We need leaders but I sometimes think we have too narrow a definition of what leadership is. Perhaps we picture a pulpit, a podium, or a boardroom. These metaphors of leadership are not the whole picture however. Oratory and decision-making alone are insufficient; what we also need is administration. Administration’s time has come.
I think we’ve misunderstood administration: what it is and what it is for. We think of administration as clerical work – paperwork, form-filling and filing. But I propose that those jobs, valuable as they are, are actually included within the gift of helps as identified by the Apostle Paul in 1 Corinthians 12:28. This verse also lists the gift of administration, including it alongside the gifts of miracles, healings and tongues; and the offices of apostles, prophets and teachers. Administration is just as supernatural and important in the kingdom as these other ministries.
The Greek word translated ‘administration’ in this verse is kubernēsis, which was derived from a verb meaning ‘to steer a ship or to guide’. A kubernētēs (in Acts 27:11, for example) was the captain or helmsman of the ship. Similarly this term, kubernētēs, was used to refer to a governor. In the same way that a captain steers a ship, an administrator governs, or administrates: kubernēsis.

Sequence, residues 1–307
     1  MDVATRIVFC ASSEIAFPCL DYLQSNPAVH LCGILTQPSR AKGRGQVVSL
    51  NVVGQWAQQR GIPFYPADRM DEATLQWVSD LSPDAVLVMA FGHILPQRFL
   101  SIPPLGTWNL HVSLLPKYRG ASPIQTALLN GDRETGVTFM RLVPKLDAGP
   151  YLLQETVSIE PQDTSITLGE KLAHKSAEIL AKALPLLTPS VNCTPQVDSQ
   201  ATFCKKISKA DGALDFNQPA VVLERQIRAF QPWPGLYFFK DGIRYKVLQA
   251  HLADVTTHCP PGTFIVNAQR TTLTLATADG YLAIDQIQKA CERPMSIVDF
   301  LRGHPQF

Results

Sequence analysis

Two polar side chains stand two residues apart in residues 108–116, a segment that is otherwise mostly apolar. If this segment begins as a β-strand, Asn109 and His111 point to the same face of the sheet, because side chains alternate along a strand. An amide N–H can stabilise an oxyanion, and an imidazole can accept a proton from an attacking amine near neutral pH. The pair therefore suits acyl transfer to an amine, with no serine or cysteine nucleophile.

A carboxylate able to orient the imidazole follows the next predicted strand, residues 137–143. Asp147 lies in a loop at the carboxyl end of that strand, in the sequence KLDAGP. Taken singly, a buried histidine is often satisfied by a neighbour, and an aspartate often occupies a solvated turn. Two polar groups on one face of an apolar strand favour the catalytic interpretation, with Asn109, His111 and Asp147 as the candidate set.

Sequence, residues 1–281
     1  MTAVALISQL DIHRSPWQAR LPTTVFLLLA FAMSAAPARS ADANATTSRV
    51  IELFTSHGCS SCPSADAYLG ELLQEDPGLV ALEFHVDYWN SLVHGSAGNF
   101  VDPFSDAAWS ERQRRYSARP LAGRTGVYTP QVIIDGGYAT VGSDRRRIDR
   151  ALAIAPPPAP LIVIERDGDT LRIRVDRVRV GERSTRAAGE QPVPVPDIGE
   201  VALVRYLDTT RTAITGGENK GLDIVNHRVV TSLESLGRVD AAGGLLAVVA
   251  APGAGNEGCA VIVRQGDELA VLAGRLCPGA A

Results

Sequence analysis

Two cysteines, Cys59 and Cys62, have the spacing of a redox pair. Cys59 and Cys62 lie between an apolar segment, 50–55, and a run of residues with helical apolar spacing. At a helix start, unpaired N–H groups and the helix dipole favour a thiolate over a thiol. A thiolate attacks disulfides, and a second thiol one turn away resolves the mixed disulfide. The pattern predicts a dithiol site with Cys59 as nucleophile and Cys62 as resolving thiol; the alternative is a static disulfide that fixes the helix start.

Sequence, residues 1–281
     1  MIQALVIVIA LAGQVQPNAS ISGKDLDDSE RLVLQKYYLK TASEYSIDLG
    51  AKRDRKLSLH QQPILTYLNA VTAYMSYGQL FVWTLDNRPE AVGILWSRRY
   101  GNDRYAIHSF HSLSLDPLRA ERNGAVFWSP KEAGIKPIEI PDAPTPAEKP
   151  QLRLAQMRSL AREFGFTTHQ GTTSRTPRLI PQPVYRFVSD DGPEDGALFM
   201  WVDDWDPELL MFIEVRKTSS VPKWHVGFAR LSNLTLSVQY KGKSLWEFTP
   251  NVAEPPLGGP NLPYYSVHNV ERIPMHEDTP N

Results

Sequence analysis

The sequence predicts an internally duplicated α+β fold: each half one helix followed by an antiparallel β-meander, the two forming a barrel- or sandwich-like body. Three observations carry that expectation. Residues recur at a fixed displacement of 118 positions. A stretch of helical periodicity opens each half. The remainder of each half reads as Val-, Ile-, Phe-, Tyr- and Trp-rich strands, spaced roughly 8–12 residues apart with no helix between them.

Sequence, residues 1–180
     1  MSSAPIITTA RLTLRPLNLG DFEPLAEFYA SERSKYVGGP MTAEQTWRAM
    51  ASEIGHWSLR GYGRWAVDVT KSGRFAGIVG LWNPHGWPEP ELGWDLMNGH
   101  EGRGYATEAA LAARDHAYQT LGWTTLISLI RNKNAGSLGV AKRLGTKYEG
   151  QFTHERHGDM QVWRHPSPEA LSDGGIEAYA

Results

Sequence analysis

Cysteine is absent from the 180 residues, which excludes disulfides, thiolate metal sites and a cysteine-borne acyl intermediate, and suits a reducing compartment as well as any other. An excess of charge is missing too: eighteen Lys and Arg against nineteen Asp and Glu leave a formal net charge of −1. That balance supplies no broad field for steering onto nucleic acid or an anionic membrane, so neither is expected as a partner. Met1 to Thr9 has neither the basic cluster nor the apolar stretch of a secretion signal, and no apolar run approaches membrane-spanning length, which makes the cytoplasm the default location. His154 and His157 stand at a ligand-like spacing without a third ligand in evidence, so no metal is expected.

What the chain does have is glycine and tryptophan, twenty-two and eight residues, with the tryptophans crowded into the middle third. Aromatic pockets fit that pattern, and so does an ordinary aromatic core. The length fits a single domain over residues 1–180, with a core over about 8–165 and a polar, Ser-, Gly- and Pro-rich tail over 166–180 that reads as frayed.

Another biblical word linked to administration is oikonomia [oikos = house or home, nomos = the law; the “law of the home”]. It occurs seven times in the New Testament and means ‘management, administration, plan, stewardship and putting into effect’, in essence steering a household or family towards a desired outcome or vision.
Clearly, God thinks highly of this ministry to use these particular words. They show us that when administrators steer towards a vision, they map the best course to travel; calculate risk; manage and steward resources; and plan and strategize. They are empowered to make the necessary decisions required in order to arrive at the destination. In short, the biblical gift of administration covers a whole range of aspects of government, leadership and management.
Moses had the gift of administration. In one night he organised over a million people to do the same thing, the same way, at the same time – that’s administration. He led the same people from slavery to freedom out of Egypt, through the Red Sea, to Sinai – that’s administration. He received plans for the building of the Tabernacle by revelation and co-ordinated its construction including all the internal and external details. Moses’ must have been able to think in such a way as to retain the exact instructions for this project – that’s administration.
Kingdom administrators are not Marthas; they are Marys on a mission: worshippers who serve. They are not business gurus but are those who are entrusted stewards of kingdom resources. They understand structure but do not bow to it. They comprehend strategy and plans but are not enslaved to them. They are able to provide new paths for leadership because they are, in fact, leaders in their own right.